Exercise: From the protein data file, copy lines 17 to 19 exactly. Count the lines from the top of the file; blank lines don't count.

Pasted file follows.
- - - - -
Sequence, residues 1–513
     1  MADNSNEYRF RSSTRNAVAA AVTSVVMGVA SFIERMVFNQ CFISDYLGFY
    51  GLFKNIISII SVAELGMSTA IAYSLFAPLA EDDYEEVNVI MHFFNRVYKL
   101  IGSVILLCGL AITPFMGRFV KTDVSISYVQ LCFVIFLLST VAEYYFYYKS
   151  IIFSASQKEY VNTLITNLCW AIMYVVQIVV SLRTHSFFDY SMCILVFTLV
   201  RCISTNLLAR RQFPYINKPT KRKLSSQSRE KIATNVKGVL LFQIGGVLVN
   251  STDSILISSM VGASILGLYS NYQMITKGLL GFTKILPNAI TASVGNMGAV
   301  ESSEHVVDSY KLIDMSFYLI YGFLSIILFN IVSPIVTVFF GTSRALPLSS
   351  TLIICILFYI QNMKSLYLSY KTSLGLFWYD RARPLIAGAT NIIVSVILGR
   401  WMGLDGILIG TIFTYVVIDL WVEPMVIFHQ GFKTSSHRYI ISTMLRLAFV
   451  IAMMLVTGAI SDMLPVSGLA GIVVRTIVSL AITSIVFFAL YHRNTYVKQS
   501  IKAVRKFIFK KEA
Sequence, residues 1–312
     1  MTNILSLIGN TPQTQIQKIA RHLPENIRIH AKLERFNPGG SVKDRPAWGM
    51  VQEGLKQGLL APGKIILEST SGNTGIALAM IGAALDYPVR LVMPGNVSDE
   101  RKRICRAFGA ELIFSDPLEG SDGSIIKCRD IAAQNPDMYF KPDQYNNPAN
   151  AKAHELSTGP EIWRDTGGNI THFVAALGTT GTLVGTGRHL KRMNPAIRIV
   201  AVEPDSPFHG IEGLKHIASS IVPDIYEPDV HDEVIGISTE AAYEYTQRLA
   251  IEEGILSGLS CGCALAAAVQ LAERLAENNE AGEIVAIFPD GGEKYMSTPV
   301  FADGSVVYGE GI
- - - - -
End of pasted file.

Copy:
   151  AKAHELSTGP EIWRDTGGNI THFVAALGTT GTLVGTGRHL KRMNPAIRIV
   201  AVEPDSPFHG IEGLKHIASS IVPDIYEPDV HDEVIGISTE AAYEYTQRLA
   251  IEEGILSGLS CGCALAAAVQ LAERLAENNE AGEIVAIFPD GGEKYMSTPV